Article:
BTW, about a year before PF came out with Dark Side, I'd caught them doing what to my mind was the precursor to it at Carnegie Hall. What I can tell you is that at the end of the concert, people filed out of Carnegie virtually silently. It wasn't because they didn't have vocal cords either. Wish I'd seen them more often...you just never know...you know?

#6 of 101 OFFLINE   Doug_H

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Posted June 09 2003 - 11:44 PM

You are all missing the true magic of these formats... it isn't multi channel... it is the unbelievable clearity of the full bit stereo tracks.

The multi tracks are great but they are as far ahead of multi tracks as CD is from DVD IMHO.
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#7 of 101 OFFLINE   Jerry Klawiter

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Posted June 10 2003 - 01:59 AM

Keep in mind many old recordings were not just recorded in two channel, Many times it was four to eight channels and then mixed into two channel releases.
I can say I love both Posted Image

So the question is not:How do you turn an old stereo recording into a true multi channel format?

I look at it this way
It's how do you turn an old multi channel recording into a true TWO channel format? Posted Image

just my $0.02

#8 of 101 OFFLINE   RichardHOS

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Posted June 10 2003 - 02:02 AM

My thoughts on this topic, clarified by a recent discussion from someone who knows more about this field than I:

A good DSP soundfield will, from this day on, always be better than simple stereo playback system. Why? Allow me to explain.

When you set up a room properly for 2-channel playback, it is crucial that the acoustics of the room be geared for creating the proper reverberant field, lest the room sound dead or lifeless. This is done by damping the early reflection points (to maintain imaging), and leaving a rather large surface area of reflective and diffusive elements. The goal is to bounce sound all around the room, reach the back of the room, and the diffuse back to the listener to create that gorgeous, spacious reverberant soundfield that so many stive for.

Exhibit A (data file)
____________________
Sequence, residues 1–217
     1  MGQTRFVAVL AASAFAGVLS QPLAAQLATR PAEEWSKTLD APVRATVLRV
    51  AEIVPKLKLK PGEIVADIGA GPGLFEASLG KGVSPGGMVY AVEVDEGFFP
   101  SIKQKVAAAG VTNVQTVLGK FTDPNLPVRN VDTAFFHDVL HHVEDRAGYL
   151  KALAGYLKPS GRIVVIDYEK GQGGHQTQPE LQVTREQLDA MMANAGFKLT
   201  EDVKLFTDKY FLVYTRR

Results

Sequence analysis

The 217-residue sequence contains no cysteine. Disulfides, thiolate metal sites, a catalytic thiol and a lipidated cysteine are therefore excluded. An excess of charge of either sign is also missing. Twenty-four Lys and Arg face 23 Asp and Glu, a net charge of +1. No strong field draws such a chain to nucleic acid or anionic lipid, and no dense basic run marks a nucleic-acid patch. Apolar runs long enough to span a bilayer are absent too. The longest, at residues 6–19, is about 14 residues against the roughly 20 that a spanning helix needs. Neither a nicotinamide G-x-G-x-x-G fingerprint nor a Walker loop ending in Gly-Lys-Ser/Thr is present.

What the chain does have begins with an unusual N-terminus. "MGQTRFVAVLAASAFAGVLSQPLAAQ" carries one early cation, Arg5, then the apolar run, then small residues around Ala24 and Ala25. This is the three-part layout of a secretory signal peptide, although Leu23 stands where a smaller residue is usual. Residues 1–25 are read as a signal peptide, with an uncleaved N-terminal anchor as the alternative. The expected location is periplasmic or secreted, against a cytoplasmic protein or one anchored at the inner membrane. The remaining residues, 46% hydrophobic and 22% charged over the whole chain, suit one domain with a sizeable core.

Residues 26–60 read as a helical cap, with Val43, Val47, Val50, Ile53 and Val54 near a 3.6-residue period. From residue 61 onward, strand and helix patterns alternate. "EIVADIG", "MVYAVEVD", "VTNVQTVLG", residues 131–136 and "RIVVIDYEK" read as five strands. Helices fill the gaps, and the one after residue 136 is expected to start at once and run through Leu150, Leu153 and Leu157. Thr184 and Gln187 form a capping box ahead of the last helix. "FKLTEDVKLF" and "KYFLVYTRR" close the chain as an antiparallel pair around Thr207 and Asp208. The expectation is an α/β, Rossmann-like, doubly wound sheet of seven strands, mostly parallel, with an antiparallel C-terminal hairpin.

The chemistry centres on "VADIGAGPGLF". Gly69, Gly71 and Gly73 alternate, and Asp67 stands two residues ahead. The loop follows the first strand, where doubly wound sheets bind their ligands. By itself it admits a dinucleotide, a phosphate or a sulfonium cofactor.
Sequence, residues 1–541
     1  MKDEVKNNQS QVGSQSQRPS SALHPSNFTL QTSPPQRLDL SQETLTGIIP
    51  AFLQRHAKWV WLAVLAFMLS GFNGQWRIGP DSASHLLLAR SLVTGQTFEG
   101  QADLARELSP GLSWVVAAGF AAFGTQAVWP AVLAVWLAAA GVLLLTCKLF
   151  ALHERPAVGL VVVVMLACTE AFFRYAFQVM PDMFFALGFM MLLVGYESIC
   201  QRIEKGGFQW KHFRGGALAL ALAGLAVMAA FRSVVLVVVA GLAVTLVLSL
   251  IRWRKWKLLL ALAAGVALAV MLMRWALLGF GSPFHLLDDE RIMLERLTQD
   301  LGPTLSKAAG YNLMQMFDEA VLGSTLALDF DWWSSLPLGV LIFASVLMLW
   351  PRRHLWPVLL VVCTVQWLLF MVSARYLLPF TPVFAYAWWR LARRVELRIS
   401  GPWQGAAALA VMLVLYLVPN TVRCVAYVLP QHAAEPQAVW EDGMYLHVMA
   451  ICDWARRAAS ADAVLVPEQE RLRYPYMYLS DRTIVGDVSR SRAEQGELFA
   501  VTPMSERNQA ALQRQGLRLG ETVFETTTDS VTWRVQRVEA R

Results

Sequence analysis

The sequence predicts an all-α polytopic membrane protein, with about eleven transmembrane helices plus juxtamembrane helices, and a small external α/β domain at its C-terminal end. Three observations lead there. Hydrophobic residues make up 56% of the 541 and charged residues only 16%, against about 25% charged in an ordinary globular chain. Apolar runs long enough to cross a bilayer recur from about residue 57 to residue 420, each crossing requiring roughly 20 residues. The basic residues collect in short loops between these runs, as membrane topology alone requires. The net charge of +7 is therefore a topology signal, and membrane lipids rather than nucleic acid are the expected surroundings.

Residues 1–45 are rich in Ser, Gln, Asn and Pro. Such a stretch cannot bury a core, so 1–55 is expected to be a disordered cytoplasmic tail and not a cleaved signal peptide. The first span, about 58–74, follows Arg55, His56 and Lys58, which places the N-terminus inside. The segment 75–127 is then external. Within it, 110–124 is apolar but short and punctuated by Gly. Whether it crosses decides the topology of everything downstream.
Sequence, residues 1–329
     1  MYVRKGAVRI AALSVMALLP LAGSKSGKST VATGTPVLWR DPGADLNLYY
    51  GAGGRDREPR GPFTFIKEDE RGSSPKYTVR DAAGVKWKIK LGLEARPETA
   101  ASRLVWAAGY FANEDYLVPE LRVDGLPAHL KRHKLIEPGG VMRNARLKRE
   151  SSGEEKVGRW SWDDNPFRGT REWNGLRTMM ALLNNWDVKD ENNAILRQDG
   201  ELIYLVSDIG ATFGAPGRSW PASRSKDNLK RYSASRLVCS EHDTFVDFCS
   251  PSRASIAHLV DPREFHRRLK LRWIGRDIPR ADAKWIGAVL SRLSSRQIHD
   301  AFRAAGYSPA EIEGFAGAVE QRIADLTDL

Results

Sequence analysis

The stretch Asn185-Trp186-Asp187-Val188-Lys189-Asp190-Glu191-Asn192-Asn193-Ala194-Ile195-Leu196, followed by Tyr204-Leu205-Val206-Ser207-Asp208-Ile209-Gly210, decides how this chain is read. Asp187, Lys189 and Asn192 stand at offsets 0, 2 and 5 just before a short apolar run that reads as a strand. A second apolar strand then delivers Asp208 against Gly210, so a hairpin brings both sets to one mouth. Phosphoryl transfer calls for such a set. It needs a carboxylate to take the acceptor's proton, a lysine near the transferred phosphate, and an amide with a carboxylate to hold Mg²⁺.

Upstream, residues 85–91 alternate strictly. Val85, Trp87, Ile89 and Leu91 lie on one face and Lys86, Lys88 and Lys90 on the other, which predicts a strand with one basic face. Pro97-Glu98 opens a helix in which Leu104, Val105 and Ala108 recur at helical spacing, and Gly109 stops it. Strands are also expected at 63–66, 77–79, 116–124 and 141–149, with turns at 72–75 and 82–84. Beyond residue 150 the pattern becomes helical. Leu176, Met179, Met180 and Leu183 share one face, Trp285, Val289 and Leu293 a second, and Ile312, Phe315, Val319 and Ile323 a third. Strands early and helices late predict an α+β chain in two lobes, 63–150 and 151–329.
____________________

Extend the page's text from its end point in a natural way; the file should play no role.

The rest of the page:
So what have you done when you manage to properly set up a room in this manner? You have turned it into a giant surround processor. One that is hardwired, inflexible, and less accurate than what can be done in the digital domain. People seem so resistant to the idea of "artificially" creating the reverberant field, but they are completely ignoring the fact that all rooms "artificially" create a reverberant field based on the source material.

If you're going to have a surround processor, it's more desireable to have a digital surroud processor that can be programmed to correctly remove ambient information from the source material and direct it to the appropriate channels. Lexicon and Meridian processors currently outclass practically all 2-channel "room processors," and the fidelity of DSP will only increase and the price will only drop in the coming years.

DSP is the only method that can produce the reverberant sound of the recording environment. A "room processor" can only produce the reverberant environment of that room.

Of course, recording quality is a very big issue here. Foremost is the problem with the ambience added to studio recordings. DSP will slowly improve that situation as well.

And where does that leave true multichannel formats? For one, it allows the mixing engineer to place the primary source location in any area of the room, as opposed to the front soundstage. While sometimes gimmicky, this is a crucial step towards being able to recreate any arbitrary performance in your home.

And, naturally, I disagree completely with the idea that a good multichannel recording can't be produced from 2-channel masters. Sure, it will never have the flexibility of a multichannel tracking (see above), but it does advantages over the simple 2-channel format. The primary one is that, again, DSP is more capable of correctly processing ambient information than your room is. Second, if that DSP is done in the studio, rather than in your home pre/pro, you stand a much better chance of the DSP being the highest quality and most capable DSP currently available. It doesn't have to be done in real time, so the algorithms can be more complex, more accurate, and more "natural." Again, the result is better than your 2-channel w/ room processing could accomplish.